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crumb

[kruhm]
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noun
  1. a small particle of bread, cake, etc., that has broken off.
  2. a small particle or portion of anything; fragment; bit.
  3. the soft inner portion of a bread (distinguished from crust).
  4. crumbs, a cake topping made of sugar, flour, butter, and spice, usually crumbled on top of the raw batter and baked with the cake.
  5. Slang. a contemptibly objectionable or worthless person.
verb (used with object)
  1. Cookery. to dress or prepare with crumbs.
  2. to break into crumbs or small fragments.
  3. to remove crumbs from: The waiter crumbed the table.

Origin of crumb

before 1000; Middle English crome, crume, Old English cruma; akin to Dutch kruim, German Krume crumb, Latin grūmus heap of earth
Related formscrumb·a·ble, adjectivecrumb·er, nounde·crumb, verb (used with object)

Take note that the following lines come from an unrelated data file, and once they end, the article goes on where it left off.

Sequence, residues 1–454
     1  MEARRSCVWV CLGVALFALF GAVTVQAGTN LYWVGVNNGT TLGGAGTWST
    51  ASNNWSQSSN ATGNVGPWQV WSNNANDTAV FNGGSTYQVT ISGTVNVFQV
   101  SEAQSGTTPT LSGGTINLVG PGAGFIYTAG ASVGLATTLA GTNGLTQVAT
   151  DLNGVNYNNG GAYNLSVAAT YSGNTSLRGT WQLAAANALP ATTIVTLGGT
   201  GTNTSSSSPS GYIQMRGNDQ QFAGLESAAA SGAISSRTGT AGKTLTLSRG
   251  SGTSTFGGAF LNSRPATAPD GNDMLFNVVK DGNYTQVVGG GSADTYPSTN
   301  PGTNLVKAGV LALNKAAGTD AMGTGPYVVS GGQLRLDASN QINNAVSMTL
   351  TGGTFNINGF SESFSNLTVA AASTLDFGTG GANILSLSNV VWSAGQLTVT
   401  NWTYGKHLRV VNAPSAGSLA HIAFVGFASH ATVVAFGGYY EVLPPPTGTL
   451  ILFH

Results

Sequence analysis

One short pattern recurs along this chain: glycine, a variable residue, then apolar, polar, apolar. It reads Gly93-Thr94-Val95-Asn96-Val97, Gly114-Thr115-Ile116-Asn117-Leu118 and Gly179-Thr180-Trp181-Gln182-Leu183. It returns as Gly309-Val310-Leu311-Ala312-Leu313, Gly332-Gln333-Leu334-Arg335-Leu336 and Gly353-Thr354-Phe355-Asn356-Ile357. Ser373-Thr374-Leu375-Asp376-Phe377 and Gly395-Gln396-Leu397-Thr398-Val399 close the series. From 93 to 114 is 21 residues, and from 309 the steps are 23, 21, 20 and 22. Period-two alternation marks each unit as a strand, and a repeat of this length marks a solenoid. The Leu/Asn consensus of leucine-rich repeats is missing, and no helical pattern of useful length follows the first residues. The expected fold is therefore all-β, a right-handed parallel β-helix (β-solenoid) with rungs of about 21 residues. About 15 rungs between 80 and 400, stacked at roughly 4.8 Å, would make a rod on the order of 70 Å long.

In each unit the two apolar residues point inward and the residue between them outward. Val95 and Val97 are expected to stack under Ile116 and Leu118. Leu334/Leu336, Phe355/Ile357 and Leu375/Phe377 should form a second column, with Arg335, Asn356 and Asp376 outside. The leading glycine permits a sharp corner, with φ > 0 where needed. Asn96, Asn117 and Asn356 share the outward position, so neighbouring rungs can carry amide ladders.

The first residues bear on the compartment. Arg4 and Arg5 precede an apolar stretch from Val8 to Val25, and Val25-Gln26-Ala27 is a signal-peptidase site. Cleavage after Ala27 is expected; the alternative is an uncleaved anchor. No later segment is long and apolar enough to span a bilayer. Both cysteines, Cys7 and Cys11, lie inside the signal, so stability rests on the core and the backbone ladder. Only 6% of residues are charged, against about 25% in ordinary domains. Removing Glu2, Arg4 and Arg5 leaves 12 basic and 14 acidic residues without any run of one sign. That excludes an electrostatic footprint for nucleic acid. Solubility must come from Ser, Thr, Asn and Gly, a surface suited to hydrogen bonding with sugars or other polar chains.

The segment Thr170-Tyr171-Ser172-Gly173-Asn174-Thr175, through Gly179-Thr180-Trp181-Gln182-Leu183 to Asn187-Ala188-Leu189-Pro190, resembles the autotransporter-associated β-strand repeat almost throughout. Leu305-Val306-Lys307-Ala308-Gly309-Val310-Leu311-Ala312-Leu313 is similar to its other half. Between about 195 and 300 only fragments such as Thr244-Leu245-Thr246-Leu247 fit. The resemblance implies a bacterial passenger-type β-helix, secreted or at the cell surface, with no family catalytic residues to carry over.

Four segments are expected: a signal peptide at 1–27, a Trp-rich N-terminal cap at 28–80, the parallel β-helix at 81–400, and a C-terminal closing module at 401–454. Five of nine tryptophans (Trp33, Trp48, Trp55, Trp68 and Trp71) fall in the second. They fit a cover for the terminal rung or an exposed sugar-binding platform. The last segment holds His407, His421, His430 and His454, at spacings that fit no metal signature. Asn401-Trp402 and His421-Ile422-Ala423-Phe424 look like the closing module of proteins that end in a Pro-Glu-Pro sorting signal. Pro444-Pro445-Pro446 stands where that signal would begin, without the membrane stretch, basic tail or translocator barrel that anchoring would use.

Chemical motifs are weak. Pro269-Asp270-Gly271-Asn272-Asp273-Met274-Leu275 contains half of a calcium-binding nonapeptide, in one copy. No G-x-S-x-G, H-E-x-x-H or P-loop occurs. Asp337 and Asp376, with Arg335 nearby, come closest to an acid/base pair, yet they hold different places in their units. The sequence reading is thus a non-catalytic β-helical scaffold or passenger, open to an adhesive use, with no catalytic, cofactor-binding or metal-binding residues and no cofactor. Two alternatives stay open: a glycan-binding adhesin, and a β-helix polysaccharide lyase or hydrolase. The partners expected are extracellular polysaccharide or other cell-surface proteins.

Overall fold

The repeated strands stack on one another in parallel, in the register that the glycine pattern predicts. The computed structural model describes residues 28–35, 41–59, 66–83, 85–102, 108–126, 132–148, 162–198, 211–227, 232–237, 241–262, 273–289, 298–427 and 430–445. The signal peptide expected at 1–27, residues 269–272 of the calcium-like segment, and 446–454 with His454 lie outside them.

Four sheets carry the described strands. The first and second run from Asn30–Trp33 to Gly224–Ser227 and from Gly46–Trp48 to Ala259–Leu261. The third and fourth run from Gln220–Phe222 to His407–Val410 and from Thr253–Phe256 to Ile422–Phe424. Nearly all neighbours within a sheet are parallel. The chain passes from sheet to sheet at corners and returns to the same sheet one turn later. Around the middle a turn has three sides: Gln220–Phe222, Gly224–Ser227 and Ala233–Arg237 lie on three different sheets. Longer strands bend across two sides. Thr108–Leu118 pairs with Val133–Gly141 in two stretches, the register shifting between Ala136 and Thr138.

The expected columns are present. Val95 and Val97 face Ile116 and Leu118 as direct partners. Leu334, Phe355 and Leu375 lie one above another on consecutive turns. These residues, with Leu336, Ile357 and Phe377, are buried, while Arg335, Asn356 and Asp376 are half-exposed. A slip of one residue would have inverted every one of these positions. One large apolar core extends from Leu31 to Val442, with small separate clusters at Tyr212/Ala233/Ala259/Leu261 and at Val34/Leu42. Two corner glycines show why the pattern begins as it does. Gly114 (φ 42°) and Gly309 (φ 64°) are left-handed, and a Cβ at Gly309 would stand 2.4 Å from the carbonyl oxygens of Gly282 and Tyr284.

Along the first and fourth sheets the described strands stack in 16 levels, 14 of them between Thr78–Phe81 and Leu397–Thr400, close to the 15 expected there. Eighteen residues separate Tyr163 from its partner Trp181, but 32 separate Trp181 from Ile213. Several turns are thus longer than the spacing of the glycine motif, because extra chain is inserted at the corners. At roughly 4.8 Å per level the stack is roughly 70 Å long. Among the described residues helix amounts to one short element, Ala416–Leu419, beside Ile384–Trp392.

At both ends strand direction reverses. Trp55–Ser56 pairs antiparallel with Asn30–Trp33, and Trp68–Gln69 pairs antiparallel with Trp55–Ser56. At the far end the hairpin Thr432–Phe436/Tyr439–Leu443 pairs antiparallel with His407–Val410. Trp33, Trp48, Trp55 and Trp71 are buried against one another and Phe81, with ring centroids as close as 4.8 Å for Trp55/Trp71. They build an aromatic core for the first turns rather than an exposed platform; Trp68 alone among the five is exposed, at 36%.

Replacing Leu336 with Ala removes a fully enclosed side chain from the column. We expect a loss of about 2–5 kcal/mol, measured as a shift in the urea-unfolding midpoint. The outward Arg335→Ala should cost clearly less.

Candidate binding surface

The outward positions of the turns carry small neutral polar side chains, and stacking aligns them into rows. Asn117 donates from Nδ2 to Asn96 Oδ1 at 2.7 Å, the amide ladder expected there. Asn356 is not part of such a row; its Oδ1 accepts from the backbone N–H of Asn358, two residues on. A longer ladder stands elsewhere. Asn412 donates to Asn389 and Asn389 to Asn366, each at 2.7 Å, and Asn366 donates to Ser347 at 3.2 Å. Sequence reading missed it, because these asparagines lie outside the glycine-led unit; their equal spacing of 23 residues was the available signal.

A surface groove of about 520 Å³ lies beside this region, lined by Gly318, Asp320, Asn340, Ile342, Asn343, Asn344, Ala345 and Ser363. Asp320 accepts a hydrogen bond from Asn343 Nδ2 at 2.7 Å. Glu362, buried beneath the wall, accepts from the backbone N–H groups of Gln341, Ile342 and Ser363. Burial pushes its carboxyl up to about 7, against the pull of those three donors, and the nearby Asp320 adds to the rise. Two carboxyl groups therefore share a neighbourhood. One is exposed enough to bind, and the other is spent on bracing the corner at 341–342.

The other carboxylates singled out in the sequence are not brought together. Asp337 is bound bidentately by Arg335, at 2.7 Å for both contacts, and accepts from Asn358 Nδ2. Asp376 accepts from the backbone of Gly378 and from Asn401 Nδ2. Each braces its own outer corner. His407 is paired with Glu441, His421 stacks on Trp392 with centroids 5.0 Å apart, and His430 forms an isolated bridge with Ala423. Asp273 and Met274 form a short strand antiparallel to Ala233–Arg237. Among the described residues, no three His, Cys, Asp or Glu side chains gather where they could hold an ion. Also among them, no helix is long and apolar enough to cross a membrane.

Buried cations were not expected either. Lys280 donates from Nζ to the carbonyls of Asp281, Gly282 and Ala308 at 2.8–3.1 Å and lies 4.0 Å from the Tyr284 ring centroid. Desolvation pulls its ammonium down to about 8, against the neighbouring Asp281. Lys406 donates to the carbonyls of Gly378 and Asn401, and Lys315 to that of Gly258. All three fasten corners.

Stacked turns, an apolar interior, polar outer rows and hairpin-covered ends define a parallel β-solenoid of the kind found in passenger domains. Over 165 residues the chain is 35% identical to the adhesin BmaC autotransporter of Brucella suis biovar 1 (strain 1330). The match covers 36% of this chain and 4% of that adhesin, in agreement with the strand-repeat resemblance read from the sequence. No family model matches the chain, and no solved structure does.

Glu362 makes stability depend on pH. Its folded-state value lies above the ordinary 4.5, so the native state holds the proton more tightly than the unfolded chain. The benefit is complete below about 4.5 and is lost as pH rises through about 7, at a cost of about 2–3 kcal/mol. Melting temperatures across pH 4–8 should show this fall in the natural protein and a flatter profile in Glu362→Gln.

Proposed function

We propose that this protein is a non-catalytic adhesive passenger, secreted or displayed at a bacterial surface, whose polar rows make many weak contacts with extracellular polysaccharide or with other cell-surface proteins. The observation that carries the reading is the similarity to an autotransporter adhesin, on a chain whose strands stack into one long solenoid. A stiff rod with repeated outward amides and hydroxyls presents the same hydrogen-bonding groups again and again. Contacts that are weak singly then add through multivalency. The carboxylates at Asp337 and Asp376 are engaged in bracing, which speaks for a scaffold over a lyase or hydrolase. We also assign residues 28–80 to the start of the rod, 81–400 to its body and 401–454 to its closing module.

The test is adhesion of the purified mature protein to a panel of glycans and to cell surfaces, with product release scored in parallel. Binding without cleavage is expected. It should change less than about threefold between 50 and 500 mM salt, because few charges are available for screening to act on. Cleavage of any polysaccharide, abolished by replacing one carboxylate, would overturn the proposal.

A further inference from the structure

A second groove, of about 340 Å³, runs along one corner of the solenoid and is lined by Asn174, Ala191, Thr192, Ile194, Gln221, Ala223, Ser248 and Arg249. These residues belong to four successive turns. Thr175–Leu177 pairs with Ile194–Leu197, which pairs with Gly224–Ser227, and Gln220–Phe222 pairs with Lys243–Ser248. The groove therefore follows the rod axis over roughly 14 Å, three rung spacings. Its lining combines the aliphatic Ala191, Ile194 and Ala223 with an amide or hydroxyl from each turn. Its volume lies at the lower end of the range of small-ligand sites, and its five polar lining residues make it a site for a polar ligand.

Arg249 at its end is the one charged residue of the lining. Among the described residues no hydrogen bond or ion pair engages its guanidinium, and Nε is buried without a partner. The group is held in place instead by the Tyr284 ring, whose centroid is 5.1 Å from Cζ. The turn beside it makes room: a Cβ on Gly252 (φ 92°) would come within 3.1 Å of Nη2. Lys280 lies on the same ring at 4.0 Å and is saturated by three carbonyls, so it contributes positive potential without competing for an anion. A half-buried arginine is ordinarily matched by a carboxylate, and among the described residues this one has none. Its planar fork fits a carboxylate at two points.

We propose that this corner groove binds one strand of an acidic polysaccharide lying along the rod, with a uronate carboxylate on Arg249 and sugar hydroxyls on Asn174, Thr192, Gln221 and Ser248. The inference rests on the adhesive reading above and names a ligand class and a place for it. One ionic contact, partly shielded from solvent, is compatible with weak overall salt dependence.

Synonyms

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2. scrap, shred, morsel, sliver, speck.
Dictionary.com Unabridged Based on the Random House Unabridged Dictionary, © Random House, Inc. 2018

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British Dictionary definitions for crumb

crumb

noun
  1. a small fragment of bread, cake, or other baked foods
  2. a small piece or bitcrumbs of information
  3. the soft inner part of bread
  4. slang a contemptible person
verb
  1. (tr) to prepare or cover (food) with breadcrumbs
  2. to break into small fragments
adjective
  1. (esp of pie crusts) made with a mixture of biscuit crumbs, sugar, etc
Derived Formscrumber, noun

Word Origin

Old English cruma; related to Middle Dutch krome, Middle High German krūme, Latin grūmus heap of earth
Collins English Dictionary - Complete & Unabridged 2012 Digital Edition © William Collins Sons & Co. Ltd. 1979, 1986 © HarperCollins Publishers 1998, 2000, 2003, 2005, 2006, 2007, 2009, 2012

Word Origin and History for crumb

n.

Old English cruma "crumb, fragment," from a West Germanic root of obscure origin (cf. Middle Dutch crume, Dutch kruim, German krume). The -b- appeared mid-15c., in part by analogy with words like dumb, in part from crumble. Slang meaning "lousy person" is 1918, from crumb, U.S. slang for "body-louse" (1863), so called from resemblance.

Online Etymology Dictionary, © 2010 Douglas Harper